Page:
This is Issa’s revolution.
NOTE: The above is excerpted from Pure Land Haiku: The Art of Priest Issa, scheduled to be published in 2004 by Buddhist Books International. Translations first appeared on my website, “The Haiku of Kobayashi Issa” http://webusers.xula.edu/dlanoue/issa/
Born in Omaha, Nebraska, David Lanoue earned his B.A. at Creighton University (1976) and his M.A. and Ph.D. in English at the University of Nebraska-Lincoln (1977, 1981). He is presently a professor of English at Xavier University of Louisiana in New Orleans.
From 1984 on, he has published original haiku, translations, and haiku-related essays in various magazines and anthologies--including Modern Haiku and Frogpond.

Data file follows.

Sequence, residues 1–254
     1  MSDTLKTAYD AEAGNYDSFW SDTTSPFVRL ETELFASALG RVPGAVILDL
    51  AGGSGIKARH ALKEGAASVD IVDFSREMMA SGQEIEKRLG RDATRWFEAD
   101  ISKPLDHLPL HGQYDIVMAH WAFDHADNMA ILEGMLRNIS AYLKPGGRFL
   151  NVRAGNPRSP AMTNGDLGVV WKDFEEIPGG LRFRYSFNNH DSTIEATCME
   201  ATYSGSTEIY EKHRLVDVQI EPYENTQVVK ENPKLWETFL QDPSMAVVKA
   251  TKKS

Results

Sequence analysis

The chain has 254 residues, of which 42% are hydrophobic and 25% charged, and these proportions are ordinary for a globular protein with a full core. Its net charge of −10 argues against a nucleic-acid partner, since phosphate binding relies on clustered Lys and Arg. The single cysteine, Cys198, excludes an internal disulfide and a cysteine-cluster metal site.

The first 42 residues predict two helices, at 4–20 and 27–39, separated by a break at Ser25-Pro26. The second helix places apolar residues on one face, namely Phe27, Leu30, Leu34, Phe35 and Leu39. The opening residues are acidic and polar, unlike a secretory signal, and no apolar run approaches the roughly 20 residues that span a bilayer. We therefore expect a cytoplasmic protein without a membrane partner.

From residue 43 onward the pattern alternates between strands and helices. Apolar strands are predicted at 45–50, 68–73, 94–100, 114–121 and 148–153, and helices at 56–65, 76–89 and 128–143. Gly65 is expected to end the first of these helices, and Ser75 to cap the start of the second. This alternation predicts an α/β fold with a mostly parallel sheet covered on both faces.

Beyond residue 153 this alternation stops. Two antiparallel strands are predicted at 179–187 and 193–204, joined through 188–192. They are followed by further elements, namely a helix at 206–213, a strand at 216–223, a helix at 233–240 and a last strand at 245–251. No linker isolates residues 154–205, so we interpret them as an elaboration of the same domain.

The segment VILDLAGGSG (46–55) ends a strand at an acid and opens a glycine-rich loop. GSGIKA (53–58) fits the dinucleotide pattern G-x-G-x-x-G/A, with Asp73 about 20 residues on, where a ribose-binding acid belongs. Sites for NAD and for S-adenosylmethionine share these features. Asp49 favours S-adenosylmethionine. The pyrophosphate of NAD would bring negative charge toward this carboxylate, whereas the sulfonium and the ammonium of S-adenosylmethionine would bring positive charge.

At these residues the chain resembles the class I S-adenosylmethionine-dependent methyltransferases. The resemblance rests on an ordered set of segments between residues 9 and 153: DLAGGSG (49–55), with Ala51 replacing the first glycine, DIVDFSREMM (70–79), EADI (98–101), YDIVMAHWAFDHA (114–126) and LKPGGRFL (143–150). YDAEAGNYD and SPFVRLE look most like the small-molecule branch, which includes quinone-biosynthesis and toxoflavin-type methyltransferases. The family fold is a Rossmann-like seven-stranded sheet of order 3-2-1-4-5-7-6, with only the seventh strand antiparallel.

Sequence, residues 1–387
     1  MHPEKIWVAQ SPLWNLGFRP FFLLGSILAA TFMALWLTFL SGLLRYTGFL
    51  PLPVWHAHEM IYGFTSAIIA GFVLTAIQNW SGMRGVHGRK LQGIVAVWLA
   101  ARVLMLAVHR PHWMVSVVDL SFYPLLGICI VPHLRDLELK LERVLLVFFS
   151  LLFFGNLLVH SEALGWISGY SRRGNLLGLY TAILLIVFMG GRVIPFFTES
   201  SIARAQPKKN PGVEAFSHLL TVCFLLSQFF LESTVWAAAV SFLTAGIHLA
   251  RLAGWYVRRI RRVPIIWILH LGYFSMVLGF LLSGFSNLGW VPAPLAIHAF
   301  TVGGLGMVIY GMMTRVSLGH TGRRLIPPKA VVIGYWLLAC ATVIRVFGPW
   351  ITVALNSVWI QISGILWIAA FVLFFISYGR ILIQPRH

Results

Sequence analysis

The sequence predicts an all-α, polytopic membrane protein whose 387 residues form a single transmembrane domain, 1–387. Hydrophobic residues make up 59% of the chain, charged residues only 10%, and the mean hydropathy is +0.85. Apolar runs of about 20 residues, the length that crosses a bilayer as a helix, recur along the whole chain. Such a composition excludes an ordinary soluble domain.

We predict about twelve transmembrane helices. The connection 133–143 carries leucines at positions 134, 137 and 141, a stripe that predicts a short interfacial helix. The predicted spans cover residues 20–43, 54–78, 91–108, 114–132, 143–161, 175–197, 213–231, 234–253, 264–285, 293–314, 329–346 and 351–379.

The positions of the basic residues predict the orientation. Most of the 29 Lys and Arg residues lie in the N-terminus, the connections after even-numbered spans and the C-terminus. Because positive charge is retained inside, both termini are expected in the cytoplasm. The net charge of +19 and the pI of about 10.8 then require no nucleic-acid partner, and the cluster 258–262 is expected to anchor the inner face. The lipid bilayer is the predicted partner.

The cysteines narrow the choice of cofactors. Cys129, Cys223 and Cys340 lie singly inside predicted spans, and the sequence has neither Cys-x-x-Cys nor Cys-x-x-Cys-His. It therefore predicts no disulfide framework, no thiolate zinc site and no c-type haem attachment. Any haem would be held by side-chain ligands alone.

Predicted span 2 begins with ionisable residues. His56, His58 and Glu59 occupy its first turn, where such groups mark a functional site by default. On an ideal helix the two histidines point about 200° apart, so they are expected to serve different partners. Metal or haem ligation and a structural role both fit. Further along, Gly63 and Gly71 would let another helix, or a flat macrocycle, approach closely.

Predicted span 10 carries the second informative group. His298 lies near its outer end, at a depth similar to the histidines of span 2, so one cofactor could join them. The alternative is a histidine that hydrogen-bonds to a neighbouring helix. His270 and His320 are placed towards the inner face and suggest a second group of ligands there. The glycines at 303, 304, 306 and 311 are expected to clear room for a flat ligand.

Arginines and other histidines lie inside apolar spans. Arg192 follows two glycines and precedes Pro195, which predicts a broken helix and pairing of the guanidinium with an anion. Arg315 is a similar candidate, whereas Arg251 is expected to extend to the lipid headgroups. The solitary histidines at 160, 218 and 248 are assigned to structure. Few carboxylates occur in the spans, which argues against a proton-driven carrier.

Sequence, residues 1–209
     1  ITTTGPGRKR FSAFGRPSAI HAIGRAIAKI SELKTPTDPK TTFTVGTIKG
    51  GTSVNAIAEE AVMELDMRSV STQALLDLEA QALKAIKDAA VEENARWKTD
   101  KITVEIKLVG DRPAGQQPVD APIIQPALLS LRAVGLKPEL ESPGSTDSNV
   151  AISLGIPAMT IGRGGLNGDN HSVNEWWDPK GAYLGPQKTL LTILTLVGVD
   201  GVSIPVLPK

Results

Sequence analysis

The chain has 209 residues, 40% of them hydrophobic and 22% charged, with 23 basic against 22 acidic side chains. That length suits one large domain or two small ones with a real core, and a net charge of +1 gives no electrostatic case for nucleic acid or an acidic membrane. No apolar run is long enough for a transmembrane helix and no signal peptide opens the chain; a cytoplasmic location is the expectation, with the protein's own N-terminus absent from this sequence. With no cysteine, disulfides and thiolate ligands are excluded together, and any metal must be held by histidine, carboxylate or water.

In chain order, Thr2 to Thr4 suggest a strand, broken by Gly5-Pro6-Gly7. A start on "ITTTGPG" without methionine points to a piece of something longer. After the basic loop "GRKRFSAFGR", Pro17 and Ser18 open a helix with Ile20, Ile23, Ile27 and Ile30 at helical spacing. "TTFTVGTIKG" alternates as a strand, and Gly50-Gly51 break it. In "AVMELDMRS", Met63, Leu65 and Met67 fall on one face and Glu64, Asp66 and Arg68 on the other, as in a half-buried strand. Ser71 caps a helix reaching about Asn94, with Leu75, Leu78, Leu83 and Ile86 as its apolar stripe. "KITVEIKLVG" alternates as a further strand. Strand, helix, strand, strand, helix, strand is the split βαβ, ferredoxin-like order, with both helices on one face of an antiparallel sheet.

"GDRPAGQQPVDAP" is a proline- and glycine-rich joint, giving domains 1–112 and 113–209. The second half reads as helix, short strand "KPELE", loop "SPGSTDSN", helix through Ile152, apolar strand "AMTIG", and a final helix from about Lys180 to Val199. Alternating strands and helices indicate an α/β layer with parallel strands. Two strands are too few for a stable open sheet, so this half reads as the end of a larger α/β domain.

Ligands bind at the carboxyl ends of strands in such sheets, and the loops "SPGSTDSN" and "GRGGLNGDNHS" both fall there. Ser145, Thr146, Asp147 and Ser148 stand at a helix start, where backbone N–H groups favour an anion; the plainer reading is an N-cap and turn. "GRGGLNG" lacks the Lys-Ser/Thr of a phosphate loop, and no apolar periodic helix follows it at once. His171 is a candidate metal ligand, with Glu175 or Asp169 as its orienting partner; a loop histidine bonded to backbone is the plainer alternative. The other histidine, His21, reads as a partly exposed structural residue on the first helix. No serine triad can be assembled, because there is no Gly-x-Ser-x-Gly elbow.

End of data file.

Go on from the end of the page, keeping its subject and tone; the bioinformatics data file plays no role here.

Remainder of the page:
He conducted research in Japan in 1987 and 1988, and participated in the N.E.H. Literary Translation Institute at the University of California, Santa Cruz in 1989. The result of this labor was his book, Issa: Cup-of-Tea Poems; Selected Haiku of Kobayashi Issa (Berkeley: Asian Humanities Press, 1991).
* April 2000 presented a paper on
Issa and Buddhism at the Global Haiku Festival, held at Millikin University--and
launched this website.
Copyright 2003/2004 Simply Haiku